2) adding more preloaded files in loadup.el
 3) having a site-init.el or site-load.el which loads files.
   Note that ANY site-init.el or site-load.el is nonstandard;
   if you have received Emacs from some other site
   and it contains a site-init.el or site-load.el file, consider
   deleting that file.
 4) getting the wrong .el or .elc files
   (not from the directory you expected).
 5) deleting some .elc files that are supposed to exist.
   This would cause the source files (.el files) to be
   loaded instead.  They take up more room, so you lose.
 6) a bug in the Emacs distribution which underestimates
   the space required.

If the need for more space is legitimate, change the definition
of PURESIZE in config.h.

But in some of the cases listed above, this problem is a consequence
of something else that is wrong.  Be sure to check and fix the real

* Changes made to .el files do not take effect.

You may have forgotten to recompile them into .elc files.
Then the old .elc files will be loaded, and your changes
will not be seen.  To fix this, do M-x byte-recompile-directory
and specify the directory that contains the Lisp files.

* The dumped Emacs (xemacs) crashes when run, trying to write pure data.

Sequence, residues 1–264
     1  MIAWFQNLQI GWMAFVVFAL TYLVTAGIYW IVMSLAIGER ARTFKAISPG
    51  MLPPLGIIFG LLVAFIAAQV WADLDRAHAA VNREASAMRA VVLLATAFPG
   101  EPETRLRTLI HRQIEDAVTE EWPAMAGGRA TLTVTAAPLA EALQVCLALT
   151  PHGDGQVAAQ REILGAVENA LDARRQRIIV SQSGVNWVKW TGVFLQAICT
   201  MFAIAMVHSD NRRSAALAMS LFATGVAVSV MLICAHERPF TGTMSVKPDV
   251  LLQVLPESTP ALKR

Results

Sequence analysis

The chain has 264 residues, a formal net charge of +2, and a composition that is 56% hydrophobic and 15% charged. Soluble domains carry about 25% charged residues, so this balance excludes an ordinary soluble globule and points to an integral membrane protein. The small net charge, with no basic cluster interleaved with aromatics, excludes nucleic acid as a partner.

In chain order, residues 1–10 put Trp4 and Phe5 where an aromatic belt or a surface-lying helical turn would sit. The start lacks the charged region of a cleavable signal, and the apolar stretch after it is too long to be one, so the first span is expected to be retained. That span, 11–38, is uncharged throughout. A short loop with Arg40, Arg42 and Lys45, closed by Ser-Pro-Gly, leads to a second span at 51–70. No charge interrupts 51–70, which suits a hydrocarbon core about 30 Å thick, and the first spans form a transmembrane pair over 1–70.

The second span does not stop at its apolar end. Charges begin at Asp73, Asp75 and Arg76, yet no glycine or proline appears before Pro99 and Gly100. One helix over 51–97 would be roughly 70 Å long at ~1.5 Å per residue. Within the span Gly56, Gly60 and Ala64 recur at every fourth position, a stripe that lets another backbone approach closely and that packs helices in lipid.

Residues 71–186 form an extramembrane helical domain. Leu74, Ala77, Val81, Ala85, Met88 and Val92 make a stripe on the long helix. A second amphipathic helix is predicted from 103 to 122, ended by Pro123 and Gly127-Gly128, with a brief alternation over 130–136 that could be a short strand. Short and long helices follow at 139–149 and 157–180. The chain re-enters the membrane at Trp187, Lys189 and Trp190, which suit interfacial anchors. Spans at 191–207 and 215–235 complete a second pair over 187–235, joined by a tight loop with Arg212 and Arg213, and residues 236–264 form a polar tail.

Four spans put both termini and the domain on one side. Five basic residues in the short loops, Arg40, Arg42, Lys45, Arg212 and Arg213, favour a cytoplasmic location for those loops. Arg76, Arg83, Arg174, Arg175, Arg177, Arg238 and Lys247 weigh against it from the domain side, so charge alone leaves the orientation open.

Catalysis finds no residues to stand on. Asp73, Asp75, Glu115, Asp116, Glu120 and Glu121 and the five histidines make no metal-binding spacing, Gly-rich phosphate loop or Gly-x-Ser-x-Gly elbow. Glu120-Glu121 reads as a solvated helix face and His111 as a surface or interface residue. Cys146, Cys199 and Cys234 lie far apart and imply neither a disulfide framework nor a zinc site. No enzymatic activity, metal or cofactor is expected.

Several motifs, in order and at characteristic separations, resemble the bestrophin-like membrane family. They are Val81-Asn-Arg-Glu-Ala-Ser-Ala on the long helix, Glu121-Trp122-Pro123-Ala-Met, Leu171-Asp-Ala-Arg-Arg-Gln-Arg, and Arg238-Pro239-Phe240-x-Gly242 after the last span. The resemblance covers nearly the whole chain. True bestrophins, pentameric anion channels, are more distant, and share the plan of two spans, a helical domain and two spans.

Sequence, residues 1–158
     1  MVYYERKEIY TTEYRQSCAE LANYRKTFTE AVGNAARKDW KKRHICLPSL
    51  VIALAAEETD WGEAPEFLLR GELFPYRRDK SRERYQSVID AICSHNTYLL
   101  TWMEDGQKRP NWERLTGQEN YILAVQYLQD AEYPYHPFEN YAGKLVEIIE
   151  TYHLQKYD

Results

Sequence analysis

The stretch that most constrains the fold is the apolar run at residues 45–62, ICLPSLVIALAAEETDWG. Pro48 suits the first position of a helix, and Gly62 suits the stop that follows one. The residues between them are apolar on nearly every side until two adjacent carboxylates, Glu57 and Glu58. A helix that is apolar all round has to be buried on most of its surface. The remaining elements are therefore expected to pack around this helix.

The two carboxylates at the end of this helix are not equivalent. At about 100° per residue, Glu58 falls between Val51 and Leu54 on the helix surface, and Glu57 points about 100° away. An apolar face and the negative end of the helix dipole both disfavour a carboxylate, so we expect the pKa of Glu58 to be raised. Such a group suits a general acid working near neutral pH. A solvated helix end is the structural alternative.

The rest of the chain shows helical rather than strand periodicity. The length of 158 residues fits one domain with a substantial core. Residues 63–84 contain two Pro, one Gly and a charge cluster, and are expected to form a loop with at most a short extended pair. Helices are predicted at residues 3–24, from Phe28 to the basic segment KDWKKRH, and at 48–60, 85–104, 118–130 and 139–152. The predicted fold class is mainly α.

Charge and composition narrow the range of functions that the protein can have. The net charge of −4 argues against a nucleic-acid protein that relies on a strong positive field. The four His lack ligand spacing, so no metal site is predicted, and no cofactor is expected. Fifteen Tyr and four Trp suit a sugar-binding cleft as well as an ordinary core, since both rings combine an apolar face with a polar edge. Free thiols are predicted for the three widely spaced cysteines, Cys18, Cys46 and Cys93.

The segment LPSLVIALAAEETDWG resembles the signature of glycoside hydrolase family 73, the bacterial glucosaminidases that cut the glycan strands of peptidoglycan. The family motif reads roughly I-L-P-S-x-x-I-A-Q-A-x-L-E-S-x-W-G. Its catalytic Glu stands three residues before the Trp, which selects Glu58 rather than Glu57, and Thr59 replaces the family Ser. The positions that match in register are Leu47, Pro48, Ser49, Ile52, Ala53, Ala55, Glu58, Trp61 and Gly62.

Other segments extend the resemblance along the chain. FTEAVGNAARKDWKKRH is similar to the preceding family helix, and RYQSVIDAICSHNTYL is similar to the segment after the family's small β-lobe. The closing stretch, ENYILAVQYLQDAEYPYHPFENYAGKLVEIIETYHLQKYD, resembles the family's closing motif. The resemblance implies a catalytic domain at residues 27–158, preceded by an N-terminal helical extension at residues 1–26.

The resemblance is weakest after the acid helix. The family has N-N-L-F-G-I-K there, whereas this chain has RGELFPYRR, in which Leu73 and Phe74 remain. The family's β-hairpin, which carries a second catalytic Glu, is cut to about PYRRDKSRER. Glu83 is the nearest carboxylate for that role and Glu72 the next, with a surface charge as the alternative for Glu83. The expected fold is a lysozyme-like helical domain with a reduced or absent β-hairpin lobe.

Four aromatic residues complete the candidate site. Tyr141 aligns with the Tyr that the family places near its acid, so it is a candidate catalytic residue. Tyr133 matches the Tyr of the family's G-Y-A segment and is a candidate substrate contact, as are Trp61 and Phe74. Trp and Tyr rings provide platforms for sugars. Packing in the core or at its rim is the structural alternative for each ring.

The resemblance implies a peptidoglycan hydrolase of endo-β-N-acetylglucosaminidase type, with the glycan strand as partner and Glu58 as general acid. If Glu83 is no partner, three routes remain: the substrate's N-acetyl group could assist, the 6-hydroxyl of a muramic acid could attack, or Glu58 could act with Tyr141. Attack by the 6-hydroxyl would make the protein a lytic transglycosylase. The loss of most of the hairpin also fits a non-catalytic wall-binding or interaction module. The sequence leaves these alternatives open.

Two causes have been seen for such problems.

1) On a system where getpagesize is not a system call, it is defined
as a macro.  If the definition (in both unexec.c and malloc.c) is wrong,
it can cause problems like this.  You might be able to find the correct
value in the man page for a.out (5).

2) Some systems allocate variables declared static among the
initialized variables.  Emacs makes all initialized variables in most
of its files pure after dumping, but the variables declared static and
not initialized are not supposed to be pure.  On these systems you
may need to add "#define static" to the m- or the s- file.

* Compilation errors on VMS.

You will get warnings when compiling on VMS because there are
variable names longer than 32 (or whatever it is) characters.
This is not an error.  Ignore it.

VAX C does not support #if defined(foo).  Uses of this construct
were removed, but some may have crept back in.  They must be rewritten.